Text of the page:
Let be the instance produced by the reduction in Theorem 2.2, i.e. a constraint graph over variables with alphabet of constant size. We construct the following graph :
Let and .
Vertices of correspond to all possible assignments (colorings) to all -tuples of variables in , i.e . Each vertex is of the form where are the chosen variables of , and is the corresponding assignment to variable .
If violates any constraints, i.e. if there is a constraint on in which is not satisfied by , then is an isolated vertex in .
Let and . iff:
does not violate any consistency constraints: for every shared variable , the corresponding assignments agree, ;
and also does not violate any constraints: for every constraint on (if exists), the assignment satisfy the constraint.
Notice that the size of our reduction (number of vertices of ) is .
If , then has a -clique: Fix a satisfying assignment for , and let be the set of all vertices that are consistent with this assignment. Notice that . Furthermore its vertices do not violate any consistency constraints (since they agree with a single assignment), or constraints (since we started from a satisfying assignment).
Suppose that , and let be some constant to be determined later. We shall show that for any subset of size , , where is some constant depending on . The remainder of this section is devoted to proving the following theorem:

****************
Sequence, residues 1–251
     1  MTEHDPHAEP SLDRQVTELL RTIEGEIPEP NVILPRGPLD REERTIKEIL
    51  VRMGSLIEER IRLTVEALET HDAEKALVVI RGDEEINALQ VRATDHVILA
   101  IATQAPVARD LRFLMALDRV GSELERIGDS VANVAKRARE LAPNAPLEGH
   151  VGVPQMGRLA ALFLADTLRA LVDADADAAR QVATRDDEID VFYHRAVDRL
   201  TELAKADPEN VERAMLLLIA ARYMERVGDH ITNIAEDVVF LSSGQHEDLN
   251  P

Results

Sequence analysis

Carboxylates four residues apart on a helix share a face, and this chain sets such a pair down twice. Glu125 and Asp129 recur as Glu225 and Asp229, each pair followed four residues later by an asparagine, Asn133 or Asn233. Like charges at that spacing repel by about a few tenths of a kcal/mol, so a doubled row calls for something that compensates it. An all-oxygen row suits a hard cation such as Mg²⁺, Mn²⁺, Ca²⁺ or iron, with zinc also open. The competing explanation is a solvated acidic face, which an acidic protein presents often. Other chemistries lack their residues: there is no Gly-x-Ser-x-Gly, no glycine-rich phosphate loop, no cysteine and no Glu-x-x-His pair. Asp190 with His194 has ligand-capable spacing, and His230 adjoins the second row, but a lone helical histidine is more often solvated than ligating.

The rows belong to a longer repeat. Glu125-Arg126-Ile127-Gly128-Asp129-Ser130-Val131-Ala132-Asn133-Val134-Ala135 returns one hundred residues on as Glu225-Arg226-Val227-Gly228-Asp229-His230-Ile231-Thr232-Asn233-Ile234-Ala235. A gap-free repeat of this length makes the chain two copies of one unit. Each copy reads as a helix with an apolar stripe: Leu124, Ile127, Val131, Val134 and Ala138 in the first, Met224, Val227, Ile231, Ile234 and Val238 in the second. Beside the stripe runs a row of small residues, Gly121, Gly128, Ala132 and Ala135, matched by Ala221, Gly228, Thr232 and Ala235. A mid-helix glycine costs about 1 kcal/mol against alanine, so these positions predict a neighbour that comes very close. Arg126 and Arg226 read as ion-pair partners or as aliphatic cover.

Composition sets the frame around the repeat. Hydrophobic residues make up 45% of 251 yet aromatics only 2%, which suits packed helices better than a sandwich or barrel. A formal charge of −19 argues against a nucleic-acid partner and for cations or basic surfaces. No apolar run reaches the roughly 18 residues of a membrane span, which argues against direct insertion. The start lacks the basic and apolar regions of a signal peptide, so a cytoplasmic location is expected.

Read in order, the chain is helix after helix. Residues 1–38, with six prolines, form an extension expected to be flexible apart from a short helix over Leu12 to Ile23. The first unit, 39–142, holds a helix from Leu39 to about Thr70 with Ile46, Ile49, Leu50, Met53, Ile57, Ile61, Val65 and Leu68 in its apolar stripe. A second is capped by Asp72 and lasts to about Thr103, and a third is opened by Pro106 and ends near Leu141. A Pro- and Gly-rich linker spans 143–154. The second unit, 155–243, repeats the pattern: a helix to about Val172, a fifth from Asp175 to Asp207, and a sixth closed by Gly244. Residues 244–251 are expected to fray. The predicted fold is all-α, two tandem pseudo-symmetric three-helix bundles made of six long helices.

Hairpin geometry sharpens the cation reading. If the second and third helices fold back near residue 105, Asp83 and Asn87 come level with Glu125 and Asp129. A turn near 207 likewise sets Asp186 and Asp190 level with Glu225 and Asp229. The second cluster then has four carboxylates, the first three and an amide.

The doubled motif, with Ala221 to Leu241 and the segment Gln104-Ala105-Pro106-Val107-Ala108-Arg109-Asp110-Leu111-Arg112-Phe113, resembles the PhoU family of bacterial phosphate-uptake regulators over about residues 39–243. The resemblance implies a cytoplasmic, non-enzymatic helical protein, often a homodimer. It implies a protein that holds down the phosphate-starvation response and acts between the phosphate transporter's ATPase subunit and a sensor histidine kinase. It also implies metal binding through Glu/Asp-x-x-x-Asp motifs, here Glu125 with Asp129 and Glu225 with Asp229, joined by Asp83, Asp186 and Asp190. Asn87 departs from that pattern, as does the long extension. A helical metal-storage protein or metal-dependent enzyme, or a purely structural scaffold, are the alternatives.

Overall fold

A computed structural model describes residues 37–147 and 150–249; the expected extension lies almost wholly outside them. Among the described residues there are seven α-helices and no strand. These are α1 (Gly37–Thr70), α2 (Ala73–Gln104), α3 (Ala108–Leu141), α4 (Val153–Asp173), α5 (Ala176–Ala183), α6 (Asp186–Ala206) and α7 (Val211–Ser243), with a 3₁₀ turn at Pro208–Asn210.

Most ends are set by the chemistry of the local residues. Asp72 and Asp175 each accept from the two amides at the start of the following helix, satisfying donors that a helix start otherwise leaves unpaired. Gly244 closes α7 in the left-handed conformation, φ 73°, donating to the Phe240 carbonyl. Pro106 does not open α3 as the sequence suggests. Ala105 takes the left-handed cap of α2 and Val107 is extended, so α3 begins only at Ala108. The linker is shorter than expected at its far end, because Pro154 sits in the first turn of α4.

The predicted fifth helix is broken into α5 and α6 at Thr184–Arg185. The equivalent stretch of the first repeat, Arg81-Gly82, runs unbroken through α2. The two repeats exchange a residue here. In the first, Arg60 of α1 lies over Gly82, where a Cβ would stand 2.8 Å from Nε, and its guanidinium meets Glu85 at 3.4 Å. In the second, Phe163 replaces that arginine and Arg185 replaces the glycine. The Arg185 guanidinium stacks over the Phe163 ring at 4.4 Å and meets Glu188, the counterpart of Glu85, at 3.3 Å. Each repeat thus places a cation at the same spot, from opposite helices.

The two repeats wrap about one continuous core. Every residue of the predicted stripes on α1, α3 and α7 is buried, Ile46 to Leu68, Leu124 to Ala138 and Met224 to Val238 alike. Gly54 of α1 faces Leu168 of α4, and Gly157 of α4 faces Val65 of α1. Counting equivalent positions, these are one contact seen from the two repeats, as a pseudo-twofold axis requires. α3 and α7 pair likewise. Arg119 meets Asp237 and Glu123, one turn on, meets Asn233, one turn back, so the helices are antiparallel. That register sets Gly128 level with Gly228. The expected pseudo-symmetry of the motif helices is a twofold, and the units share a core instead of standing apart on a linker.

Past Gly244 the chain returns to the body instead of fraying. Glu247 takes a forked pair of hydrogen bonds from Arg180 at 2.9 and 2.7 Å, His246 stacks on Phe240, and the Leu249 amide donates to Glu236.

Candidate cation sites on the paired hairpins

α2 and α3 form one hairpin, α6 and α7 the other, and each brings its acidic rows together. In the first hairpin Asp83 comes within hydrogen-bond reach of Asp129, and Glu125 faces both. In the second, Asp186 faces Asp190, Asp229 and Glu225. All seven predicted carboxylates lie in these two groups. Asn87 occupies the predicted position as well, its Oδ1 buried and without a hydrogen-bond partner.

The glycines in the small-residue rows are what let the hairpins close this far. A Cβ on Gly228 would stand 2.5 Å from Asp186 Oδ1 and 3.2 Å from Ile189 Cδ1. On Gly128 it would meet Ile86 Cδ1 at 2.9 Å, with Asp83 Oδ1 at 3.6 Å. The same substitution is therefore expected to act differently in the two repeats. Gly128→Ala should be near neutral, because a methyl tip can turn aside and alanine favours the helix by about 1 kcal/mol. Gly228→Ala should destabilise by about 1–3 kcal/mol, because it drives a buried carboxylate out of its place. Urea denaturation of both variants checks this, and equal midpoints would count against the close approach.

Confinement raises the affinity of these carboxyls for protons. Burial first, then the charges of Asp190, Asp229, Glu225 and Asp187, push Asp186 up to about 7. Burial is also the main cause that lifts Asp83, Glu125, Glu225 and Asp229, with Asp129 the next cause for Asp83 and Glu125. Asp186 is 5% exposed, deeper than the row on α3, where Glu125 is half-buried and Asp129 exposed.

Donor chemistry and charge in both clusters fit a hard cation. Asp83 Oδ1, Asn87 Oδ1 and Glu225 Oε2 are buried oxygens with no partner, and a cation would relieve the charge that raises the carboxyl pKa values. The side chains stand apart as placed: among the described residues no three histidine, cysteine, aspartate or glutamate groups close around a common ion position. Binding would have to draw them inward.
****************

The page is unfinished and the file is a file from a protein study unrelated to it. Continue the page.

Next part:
If , then of size , for some constant .
Theorem 4.1 (Soundness).
4.1 Setting up the entropy argument
Fix some subset of size , and let be a uniformly chosen vertex in (recall that is a vector of coordinates, corresponding to labels for a subset of chosen variables). Let denote the indicator variable associated with such that if the ’th variable appears in and otherwise. We let represent the coloring assignment (label) for the ’th variable whenever , which is of the form . Throughout the proof, let
denote the ’th prefix corresponding to . We can write :
since . Notice that since and determine each other, and was uniform on a set of size , we have
Thus, in total, the choice of challenge and the choice of assignments should contribute to the entropy of . If much of the entropy comes from the assignment distribution (conditioned on the fixed challenge variables), we will show that must have many consistency violations, implying that is sparse. If, on the other hand, almost all the entropy comes from the challenge distribution, we will show that this implies many CSP constraint violations (implied by the soundness assumption). From now on, we denote
When conditioning on the ’th prefix, we shall write , and similarly for . Also for brevity, we denote
The consistency constraints induce, for each , a graph over the prefixes: the vertices are the prefixes, and two prefixes are connected by an edge if their labels are consistent. (We can ignore the constraints for now — the prefix graph will be used only in the analysis of the consistency constraints.) Formally,
Definition 4.3 (Prefix graph).
For let the -th prefix graph, be defined over the prefixes of length as follows. We say that is a neighbor of if they do not violate any consistency constraints. Namely, for all , if for both and , then and assign the same label .